As they both explain, it is not easy. “While this is possible in Quebec, we acknowledge that in other countries the government is not always supportive or there is not enough funding, or tools to tackle specific challenges.” This reason why it is fundamental that information about the collective models come from universities and from schools.
“An increasing number of younger people developing new businesses are interested in the cooperative model.”
As Evan explains, the cooperative model is about creating benefits and improvements inside and outside the co-operative. “Younger people are starting to desire a cooperative model because the values are not only about local social causes only but also to build a working environmental that is respectful and fair.”
Communication and knowledge: the main challenges
The main challenges as illustrated by Nada and Evan are getting the positive elements of the cooperative model understood and recognized. “The cooperative model is not always taught even at the University level; therefore, it is natural that some entrepreneurs may not have clear what the cooperative model fully entitles,” explains Nada. “It should be clear that co-operatives, such as any other type of enterprise, requires a solid and clear business plan. This is not always clear or understood, especially the financing planning.”
“A similar issue is observed when collaborating with lawyers and accountants supporting these co-operatives,” adds Evan. “Some of the following professionals are not specifically trained or experienced in the unique details of the co-operative model and we must work to support the co-operative to handle these kinds of barriers as well to identify the correct bylaws, articles, details, and other formalities to make a co-operative a successful one.”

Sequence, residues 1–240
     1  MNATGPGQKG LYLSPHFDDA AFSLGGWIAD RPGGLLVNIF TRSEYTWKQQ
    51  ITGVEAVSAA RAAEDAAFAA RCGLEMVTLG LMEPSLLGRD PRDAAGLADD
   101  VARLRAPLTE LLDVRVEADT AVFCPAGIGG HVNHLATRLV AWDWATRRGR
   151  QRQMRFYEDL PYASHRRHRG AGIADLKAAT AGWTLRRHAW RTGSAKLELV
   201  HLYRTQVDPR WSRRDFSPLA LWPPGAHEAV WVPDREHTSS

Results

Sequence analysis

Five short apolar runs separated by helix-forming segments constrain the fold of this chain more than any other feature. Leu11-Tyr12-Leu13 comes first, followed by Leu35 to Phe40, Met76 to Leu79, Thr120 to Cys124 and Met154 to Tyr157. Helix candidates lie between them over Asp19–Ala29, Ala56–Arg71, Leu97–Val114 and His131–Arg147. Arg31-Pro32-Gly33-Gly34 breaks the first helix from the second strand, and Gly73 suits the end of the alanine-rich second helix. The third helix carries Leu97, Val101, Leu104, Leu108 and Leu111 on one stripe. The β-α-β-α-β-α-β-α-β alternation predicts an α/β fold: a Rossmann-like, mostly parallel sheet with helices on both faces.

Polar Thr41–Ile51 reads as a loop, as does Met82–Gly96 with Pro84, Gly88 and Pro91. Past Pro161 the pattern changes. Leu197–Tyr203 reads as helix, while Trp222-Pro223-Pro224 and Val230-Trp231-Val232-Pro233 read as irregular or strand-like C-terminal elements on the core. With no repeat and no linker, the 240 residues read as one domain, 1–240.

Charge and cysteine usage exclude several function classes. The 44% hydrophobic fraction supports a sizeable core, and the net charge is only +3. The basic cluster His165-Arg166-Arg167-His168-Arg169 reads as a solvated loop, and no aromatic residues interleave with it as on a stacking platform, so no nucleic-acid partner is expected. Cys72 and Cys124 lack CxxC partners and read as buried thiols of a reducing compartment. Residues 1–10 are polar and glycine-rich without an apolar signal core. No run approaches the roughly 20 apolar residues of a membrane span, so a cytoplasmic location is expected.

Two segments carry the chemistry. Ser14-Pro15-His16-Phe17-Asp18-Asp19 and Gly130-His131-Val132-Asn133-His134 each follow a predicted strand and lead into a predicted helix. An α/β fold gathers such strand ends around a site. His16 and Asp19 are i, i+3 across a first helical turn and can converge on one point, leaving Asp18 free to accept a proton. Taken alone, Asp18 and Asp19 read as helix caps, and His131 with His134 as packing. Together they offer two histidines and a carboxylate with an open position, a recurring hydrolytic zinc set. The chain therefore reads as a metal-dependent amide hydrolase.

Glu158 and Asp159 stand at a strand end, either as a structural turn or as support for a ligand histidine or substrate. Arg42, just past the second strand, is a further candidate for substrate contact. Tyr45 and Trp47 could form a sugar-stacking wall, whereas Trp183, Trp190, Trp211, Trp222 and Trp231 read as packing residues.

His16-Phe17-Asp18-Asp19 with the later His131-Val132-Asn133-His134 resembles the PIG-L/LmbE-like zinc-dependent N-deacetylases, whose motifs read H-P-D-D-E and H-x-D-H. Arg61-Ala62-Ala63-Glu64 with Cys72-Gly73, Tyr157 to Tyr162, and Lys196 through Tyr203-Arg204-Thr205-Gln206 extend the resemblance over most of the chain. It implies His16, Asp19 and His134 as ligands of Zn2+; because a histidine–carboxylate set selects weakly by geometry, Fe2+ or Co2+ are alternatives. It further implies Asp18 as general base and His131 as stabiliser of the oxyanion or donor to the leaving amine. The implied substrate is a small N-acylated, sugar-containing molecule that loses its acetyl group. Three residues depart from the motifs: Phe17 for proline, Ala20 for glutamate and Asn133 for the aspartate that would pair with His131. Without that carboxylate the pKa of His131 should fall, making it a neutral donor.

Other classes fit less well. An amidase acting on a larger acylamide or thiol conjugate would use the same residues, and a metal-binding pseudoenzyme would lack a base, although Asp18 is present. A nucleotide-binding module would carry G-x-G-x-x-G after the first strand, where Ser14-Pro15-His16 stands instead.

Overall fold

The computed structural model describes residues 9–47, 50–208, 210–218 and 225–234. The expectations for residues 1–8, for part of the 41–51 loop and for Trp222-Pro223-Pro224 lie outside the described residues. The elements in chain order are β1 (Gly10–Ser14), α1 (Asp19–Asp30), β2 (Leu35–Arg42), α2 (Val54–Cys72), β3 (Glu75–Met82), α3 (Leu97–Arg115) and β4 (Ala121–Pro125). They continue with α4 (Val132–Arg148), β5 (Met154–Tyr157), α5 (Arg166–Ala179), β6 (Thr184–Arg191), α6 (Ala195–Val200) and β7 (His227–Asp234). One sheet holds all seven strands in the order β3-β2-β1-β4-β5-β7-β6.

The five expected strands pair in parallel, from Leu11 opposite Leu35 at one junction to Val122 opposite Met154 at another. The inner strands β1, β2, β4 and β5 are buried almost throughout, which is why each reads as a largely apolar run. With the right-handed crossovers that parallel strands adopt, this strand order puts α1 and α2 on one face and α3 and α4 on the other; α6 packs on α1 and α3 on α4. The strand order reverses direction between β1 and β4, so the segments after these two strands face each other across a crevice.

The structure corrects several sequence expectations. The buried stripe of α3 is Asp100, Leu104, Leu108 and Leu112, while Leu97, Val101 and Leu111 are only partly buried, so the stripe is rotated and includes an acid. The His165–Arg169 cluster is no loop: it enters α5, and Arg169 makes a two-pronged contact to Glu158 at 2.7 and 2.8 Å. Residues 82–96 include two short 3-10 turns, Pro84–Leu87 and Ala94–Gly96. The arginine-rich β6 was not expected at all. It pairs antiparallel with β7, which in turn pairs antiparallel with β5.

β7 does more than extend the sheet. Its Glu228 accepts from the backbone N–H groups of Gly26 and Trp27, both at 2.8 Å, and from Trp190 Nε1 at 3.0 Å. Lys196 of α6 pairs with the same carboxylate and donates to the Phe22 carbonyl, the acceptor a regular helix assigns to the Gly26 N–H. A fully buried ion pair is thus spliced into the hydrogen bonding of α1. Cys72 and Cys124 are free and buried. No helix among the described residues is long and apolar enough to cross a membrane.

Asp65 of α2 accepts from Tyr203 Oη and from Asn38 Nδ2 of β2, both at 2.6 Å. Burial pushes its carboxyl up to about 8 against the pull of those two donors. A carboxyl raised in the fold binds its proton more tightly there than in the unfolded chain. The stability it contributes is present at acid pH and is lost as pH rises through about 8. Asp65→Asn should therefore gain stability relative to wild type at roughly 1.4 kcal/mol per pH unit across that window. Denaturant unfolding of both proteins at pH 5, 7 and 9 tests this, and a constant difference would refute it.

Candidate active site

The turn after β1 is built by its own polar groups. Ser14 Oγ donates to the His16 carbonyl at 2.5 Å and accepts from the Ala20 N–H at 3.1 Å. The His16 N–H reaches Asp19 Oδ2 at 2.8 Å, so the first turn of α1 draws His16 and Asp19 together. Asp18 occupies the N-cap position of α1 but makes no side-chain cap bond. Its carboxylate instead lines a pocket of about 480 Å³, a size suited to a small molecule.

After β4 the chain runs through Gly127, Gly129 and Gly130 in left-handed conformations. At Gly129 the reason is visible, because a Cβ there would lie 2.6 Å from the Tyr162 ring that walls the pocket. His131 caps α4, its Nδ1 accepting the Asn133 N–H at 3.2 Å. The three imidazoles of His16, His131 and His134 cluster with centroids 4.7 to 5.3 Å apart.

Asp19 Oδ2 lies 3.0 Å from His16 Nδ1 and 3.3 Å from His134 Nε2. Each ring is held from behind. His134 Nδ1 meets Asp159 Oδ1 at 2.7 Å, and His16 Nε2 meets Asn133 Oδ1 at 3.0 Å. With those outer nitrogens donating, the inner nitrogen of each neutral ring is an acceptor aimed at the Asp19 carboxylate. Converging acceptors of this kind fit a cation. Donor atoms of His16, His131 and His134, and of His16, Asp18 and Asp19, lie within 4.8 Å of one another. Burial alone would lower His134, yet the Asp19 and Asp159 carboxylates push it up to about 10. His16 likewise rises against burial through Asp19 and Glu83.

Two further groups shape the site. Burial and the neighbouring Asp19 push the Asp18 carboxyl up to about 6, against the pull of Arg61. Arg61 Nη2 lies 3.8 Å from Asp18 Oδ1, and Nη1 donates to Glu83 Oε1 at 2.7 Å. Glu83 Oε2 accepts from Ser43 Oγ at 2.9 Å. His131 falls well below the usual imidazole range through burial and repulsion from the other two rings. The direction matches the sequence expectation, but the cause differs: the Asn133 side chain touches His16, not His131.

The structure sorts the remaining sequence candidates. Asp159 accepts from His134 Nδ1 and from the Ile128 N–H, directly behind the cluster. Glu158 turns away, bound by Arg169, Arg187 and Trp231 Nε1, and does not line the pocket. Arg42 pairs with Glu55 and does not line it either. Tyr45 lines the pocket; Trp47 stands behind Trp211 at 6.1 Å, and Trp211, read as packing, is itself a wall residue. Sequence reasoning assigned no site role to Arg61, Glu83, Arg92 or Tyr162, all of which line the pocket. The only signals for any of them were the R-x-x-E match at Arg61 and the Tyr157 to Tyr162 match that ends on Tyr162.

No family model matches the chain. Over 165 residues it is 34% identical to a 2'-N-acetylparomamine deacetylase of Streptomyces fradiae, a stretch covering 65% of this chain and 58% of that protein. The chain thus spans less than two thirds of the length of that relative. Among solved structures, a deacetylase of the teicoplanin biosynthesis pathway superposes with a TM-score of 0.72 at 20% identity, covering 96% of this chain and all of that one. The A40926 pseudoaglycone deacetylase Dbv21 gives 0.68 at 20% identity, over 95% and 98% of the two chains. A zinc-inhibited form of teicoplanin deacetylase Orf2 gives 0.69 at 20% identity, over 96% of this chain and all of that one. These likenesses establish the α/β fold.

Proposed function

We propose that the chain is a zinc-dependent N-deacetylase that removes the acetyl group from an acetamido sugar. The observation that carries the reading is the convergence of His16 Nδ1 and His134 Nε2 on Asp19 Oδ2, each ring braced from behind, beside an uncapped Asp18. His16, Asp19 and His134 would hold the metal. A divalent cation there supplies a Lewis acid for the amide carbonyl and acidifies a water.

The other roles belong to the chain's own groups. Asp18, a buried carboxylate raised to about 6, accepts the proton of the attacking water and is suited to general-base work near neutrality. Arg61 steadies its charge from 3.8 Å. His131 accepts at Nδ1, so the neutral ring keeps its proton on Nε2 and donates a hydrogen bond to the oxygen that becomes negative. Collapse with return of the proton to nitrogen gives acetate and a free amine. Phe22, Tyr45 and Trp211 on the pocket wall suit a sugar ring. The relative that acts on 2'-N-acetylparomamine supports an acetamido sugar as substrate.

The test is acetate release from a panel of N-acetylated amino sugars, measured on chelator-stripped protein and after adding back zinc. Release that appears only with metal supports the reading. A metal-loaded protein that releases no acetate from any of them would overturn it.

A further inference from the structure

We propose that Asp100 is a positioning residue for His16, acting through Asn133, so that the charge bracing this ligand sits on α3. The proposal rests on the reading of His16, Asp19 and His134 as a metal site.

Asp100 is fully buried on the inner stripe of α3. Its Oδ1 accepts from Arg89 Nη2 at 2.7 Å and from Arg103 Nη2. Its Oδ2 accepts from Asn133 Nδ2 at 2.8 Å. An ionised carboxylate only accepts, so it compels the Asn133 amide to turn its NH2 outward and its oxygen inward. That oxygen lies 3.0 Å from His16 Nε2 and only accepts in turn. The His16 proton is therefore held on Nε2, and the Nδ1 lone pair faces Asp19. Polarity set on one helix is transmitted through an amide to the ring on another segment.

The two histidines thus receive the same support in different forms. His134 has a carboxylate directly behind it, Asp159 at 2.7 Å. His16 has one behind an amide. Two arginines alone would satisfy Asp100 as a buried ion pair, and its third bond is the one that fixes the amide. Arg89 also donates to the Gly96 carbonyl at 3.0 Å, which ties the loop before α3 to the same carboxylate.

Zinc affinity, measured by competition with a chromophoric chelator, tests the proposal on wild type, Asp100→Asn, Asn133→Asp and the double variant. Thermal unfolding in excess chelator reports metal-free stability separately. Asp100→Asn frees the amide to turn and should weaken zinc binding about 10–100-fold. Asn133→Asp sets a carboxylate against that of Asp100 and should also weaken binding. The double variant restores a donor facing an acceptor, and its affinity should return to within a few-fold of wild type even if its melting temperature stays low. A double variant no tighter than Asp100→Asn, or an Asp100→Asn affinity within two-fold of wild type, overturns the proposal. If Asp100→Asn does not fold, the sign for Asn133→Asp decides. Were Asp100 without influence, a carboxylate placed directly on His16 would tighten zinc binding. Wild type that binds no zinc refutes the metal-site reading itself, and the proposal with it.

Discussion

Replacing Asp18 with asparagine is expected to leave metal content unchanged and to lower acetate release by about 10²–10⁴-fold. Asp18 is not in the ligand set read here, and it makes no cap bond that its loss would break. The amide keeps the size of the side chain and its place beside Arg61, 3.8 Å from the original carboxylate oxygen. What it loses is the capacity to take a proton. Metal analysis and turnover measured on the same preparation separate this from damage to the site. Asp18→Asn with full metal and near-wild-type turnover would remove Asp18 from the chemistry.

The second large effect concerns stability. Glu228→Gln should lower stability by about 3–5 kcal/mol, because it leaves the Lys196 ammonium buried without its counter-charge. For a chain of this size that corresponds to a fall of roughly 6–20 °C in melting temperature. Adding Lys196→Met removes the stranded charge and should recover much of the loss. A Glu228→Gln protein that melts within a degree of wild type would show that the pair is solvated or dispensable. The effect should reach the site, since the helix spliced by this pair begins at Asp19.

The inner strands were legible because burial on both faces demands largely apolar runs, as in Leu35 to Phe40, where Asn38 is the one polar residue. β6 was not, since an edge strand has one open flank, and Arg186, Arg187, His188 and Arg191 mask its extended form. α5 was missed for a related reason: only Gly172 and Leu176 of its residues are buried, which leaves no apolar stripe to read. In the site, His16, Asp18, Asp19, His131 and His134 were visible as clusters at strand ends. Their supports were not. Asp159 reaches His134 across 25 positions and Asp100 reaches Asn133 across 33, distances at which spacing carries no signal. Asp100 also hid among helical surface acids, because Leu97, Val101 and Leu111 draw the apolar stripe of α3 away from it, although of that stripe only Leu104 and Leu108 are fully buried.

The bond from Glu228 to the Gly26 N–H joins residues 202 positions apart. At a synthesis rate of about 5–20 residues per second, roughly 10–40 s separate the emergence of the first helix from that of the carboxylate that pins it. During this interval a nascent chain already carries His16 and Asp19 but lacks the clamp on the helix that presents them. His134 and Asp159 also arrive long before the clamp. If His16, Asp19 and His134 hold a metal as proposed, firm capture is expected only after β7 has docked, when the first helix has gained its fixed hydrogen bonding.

Another challenge presented is the communication and marketing side. “Co-operatives are generally created to provide a clear local and social value. Therefore, most of the time the members and the board are humble and do not wish to invest time to tell the rest of the world, even digitally, what they do. It is quite crucial, and we work to tackle this issue that can instead bring great interest into this model. Additionally, while there might be a generational gap, things are positively starting to evolve.” Nada and Evan’s work illustrates that knowledge and training are required to comprehend and efficiently implement the cooperative model.
Nada Elkouzi works for the Coopérative de développement régional du Québec (CDRQ) as Regional Director for the Montreal-Laval office. As part of her duties at the CDRQ, she has been helping entrepreneurs for the past 21 years in the various phases of creation and development of their cooperative business, particularly in the field of management and governance. She holds a bachelor’s degree in economics and a master’s degree in management. She quickly became interested in the social economy sector and particularly in cooperative entrepreneurship whose values she shares.
Evan Murray works for the Coopérative de développement régional du Québec (CDRQ) as Regional Director for the Lanaudière et Abitibi-Témiscamingue office. He is truly passionate about cooperation and regional development. He holds a bachelor’s degree in social work and a master’s degree in business administration, specializing in cooperative management and governance. Mr. Murray and his team provide day-to-day support to several cooperatives in the start-up, and development stages, on financial, strategic, and managerial aspects as well as on governance and mobilization practices. He participates in several boards or committees related to cooperation and economic development in the regions.